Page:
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A unifying force?

Northam expects to build on relationships with legislators from both parties

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Print this page by Jessica Sabbath
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Gov.-elect Ralph Northam won by 9 percentage points.
Photo by Mark Rhodes

Gov.-elect Ralph Northam is no stranger to the General Assembly.

And his laid-back style and and legislative experience could help a divided legislature find compromises. “It’s an opportunity for someone that has good relationships on both sides of the
aisle to really come in and talk about some of the challenges that we have in Virginia and make a lot of progress,” says Northam, a Democrat who served in the state Senate for six years in a district that includes his native Eastern Shore. He became lieutenant governor in 2014.

Northam may be the opposite of the Energizer Bunny-like personality of outgoing Democratic Gov. Terry McAuliffe. But that doesn’t mean Northam is any less ambitious. “It wasn’t that long ago that Virginia was the No. 1 state in the country to do business,” he says. “And I would really like it again as No. 1 in my four years.”

His major legislative initiatives include universal broadband, rural economic development, free community college and efforts to address the opioid addiction crisis. Northam also sees the possibility of finding a unique solution for Medicaid expansion in Virginia, McAuliffe’s major unfulfilled goal. “I’d like to design a system where we can bring those resources back to Virginia and then put them into the private sector,” he says.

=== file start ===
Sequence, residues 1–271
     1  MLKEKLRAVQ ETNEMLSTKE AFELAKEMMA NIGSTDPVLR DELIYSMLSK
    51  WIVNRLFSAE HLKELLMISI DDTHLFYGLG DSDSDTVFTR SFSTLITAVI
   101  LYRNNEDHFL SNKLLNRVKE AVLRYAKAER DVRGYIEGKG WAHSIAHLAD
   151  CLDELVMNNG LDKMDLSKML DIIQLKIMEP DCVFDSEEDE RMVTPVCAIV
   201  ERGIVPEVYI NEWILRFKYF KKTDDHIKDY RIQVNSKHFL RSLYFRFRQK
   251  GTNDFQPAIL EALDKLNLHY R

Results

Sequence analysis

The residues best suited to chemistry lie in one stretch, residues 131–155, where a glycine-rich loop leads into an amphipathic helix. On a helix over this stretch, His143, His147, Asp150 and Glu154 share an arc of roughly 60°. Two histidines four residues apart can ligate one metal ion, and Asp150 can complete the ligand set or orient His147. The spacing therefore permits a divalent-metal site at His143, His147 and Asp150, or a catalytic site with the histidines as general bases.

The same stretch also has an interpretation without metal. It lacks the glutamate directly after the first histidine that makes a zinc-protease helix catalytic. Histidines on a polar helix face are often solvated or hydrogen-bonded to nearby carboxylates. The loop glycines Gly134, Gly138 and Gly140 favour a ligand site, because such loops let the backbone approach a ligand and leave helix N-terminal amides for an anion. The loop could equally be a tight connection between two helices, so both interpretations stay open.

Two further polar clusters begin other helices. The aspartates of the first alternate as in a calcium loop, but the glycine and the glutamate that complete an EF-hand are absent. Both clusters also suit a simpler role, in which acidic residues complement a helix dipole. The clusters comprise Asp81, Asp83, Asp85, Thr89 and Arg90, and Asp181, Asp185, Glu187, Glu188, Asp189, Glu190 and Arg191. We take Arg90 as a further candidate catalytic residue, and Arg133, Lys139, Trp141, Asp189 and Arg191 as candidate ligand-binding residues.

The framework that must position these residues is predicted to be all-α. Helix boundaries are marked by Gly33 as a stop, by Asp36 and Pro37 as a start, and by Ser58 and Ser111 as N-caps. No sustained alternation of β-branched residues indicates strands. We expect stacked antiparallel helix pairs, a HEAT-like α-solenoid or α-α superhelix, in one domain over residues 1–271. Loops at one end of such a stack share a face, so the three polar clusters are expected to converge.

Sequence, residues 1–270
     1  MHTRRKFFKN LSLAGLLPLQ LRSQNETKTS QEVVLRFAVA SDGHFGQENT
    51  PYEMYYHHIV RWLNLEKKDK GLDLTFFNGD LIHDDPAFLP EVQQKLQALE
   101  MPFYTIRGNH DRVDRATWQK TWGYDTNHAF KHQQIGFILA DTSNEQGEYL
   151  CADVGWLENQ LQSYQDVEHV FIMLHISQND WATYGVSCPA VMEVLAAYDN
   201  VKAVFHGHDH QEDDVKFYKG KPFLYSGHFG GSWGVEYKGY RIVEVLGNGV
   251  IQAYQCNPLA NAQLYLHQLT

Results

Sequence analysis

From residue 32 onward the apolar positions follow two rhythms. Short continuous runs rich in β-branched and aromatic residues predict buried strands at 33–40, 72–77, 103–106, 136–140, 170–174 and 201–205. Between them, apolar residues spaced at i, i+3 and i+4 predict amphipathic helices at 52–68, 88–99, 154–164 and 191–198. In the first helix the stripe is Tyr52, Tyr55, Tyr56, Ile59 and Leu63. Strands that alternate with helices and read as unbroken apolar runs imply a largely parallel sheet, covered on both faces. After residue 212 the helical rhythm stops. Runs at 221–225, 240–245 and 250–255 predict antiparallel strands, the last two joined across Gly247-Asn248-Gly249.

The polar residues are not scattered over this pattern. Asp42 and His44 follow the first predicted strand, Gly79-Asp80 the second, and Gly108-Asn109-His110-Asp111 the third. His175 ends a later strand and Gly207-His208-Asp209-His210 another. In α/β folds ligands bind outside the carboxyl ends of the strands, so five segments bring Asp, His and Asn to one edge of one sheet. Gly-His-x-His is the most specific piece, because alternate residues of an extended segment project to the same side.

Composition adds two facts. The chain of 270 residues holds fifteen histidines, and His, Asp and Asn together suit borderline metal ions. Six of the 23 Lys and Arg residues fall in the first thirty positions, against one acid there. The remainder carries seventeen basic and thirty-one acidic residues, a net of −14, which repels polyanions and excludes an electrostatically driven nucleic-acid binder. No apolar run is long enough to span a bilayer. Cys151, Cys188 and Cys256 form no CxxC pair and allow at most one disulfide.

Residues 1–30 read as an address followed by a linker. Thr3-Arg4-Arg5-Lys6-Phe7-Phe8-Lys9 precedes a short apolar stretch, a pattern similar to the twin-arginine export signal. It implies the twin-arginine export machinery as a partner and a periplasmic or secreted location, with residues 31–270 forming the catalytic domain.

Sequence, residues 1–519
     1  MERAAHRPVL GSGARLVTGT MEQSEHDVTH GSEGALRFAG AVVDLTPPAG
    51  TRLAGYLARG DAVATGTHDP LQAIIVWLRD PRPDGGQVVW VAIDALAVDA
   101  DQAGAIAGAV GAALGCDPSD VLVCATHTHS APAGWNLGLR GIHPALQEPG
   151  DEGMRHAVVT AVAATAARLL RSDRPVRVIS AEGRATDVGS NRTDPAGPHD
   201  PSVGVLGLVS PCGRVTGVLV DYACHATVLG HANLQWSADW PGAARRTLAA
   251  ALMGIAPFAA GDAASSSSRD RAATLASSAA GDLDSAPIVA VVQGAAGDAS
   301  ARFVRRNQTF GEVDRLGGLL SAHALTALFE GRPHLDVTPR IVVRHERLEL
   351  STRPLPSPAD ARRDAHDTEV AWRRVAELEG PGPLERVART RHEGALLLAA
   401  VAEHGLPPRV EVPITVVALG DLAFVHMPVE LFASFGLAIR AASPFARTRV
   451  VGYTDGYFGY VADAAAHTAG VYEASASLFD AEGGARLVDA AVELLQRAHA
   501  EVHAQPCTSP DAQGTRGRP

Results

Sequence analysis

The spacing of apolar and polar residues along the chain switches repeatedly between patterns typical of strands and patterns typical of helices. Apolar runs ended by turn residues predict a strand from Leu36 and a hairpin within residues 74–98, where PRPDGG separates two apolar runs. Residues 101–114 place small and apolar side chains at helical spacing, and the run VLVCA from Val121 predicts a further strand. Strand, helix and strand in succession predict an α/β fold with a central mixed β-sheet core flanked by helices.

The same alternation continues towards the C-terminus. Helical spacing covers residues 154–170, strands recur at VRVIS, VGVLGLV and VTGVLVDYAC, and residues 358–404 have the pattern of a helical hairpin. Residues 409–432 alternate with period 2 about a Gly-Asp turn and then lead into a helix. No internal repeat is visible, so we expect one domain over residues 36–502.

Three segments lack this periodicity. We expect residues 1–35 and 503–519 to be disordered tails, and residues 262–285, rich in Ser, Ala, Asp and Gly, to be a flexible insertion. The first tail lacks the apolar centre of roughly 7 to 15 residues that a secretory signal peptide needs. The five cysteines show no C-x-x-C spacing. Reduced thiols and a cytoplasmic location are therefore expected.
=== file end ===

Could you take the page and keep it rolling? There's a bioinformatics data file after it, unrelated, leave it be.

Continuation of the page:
Virginia Business met with Northam in his transition offices on Capitol Square in early December. Following is an edited transcript of the discussion.

Virginia Business: The relationship between the General Assembly and the McAuliffe administration has often been rocky. Obviously you’ll have a different makeup of the legislature, but how do you think you’ll be able to improve that relationship?

Northam: First of all, I think he’s really been the right person at the right time for Virginia. He started four years ago to build the new Virginia economy. It has been very successful, bringing in over 210,000 new jobs. The unemployment rate has gone from 5.4 to 3.6 percent… I think the one thing I bring to the table that he didn’t have the advantage of is that I’ve been here [in the legislature] for 10 years… And so, it’s an opportunity for someone that has good relationships on both sides of the aisle to really come in and talk about some of the challenges that we have in Virginia and make a lot of progress.

VB: He’s also been a very aggressive salesman for Virginia. How do you see continuing that?